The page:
Do you know how big a supermassive black hole is? It's so big… that the fastest moving thing in our universe, light traveling at 670 million mph, would take weeks to cross its shadow.
That is the case for the black hole known as TON 618 – a very distant black hole that NASA called "behemoth." Its mass is more than 60 billion suns, and any light from it takes more than 10 billion years to reach the Earth.
Astronomers use our sun's mass as a relative measure for huge things in the universe, such as black holes. According to NASA, the mass of a black hole is usually called a "solar mass." One solar mass is defined as the mass of our sun.
Supersized black holes
This is the universe’s way of supersizing. NASA produced a clip showing the relative sizes of the sun, planets and 10 supermassive black holes. Supermassive black holes reside in the center of most large galaxies, according to NASA, and range from 100,000 solar mass to billions.
"Direct measurements, many made with the help of the Hubble Space Telescope, confirm the presence of more than 100 supermassive black holes," said Jeremy Schnittman, a theorist at NASA’s Goddard Space Flight Center, in a statement. "How do they get so big? When galaxies collide, their central black holes eventually may merge together too."
A black hole is a vast mass in a very tiny volume. The black hole's name comes from the area just beneath the surface known as the event horizon, which traps light and anything else in its path forever with the structure’s intense gravity. This vast blackness contains all the matter of the black hole.
Images show the dark "shadow" surrounded by a bright ring of hot orbiting gas, according to NASA. The shadow is about twice the size of the black hole’s event horizon.
The smallest supermassive black hole in the animation is 1601+3113, a dwarf galaxy. The hole is the mass of 100,000 suns, but the matter is so tightly compressed that the black hole’s shadow is smaller than the sun.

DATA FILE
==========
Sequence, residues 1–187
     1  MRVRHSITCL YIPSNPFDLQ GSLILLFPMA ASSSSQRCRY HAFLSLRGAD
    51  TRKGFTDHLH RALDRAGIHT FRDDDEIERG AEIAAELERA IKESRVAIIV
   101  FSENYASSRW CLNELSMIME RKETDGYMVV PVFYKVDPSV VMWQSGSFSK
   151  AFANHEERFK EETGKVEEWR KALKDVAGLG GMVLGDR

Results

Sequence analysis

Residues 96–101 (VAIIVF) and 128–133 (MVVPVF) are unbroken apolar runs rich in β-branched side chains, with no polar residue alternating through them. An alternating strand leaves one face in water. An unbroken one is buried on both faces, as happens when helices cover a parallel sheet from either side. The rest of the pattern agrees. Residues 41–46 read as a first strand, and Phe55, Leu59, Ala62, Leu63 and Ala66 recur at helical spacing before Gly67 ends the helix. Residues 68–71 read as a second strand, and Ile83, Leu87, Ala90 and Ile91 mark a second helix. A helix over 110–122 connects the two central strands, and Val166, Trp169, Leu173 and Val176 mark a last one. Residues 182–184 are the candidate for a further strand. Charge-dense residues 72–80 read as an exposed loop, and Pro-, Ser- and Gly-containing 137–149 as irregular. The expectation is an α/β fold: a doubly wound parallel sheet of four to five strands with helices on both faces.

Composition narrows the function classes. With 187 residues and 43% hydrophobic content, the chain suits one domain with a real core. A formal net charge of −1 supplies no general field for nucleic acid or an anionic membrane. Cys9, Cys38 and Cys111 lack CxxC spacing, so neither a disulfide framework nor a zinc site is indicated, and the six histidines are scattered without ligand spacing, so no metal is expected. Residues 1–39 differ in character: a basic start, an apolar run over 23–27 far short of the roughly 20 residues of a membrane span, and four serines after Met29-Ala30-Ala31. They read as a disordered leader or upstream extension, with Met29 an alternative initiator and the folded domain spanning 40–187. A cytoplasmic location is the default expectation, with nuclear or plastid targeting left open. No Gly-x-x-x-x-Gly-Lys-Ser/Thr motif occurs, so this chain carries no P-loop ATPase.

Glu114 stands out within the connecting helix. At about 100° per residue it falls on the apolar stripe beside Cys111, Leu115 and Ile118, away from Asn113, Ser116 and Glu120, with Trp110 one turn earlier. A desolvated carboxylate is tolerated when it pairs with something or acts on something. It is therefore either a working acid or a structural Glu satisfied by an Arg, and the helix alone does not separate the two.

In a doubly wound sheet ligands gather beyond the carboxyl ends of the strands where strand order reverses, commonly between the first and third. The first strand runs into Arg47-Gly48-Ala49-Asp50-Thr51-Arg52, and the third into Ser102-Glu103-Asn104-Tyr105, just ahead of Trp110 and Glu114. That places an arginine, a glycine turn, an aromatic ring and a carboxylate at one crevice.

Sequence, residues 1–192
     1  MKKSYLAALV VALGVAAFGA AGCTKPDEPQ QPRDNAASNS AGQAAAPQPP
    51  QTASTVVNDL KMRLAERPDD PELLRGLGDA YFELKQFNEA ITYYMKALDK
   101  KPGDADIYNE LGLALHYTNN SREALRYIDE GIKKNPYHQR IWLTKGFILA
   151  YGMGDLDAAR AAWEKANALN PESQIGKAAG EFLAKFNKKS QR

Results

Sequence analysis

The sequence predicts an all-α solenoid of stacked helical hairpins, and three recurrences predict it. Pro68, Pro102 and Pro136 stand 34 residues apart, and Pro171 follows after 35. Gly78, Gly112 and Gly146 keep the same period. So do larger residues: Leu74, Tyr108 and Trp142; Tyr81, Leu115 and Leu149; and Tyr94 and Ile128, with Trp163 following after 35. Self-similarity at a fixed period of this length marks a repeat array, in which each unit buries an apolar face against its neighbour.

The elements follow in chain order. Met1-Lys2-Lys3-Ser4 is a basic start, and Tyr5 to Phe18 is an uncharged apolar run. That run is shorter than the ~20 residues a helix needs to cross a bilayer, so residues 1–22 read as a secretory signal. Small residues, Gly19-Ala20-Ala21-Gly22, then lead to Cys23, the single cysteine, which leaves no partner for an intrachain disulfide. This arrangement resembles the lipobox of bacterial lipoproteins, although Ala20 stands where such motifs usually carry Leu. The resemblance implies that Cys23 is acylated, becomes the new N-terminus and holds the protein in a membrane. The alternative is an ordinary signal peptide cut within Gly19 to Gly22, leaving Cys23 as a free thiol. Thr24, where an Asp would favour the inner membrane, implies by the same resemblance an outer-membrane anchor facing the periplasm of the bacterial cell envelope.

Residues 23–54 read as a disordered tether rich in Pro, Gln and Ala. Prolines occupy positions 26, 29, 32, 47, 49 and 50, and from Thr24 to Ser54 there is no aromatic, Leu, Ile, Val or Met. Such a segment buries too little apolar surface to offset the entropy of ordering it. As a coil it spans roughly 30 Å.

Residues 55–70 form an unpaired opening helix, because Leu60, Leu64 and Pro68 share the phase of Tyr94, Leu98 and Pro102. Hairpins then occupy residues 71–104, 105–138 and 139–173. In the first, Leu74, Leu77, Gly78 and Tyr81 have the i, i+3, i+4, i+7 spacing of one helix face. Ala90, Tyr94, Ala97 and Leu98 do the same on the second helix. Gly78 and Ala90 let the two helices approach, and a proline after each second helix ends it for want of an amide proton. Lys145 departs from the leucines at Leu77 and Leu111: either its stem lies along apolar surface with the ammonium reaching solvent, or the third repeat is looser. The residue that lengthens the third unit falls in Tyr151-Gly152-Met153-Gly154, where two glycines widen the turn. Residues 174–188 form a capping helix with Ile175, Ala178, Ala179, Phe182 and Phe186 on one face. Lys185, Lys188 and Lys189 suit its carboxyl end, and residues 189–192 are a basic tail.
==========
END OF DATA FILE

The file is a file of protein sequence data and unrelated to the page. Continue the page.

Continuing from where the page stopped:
Sagittarius A* (pronounced ay star) is the Milky Way Galaxy’s supermassive black hole. With a mass of 4.3 million suns, it’s a virtual lightweight compared to TON 618. Earth sits about 26,000 light-years away.
NASA says a few million Earths would fit in the space of Sgr A*. The black hole's diameter is about half the orbit of Mercury, the closest planet to the sun.
Put supermassive in perspective
For comparison, the sun sits just 0.00001581 light-years away from Earth or 8.2 light minutes. That means the sun’s light takes over 8 minutes to reach the surface of the Earth. One light year is about 5.88 trillion miles.
Earth is minuscule compared to the supermassive black holes. It would take 109 Earths to span the diameter of the sun, according to Space.com. The sun is more than 300,000 times heavier than Earth, according to the National Center for Atmospheric Research.
More research on the horizon
NASA is working with the European Space Agency to develop the Laser Interferometer Space Antenna or LISA mission, expected to launch in the next decade. LISA is made up of 3 spacecraft that shoot laser beams at each other, millions of miles away, to detect gravitational waves of merging black holes.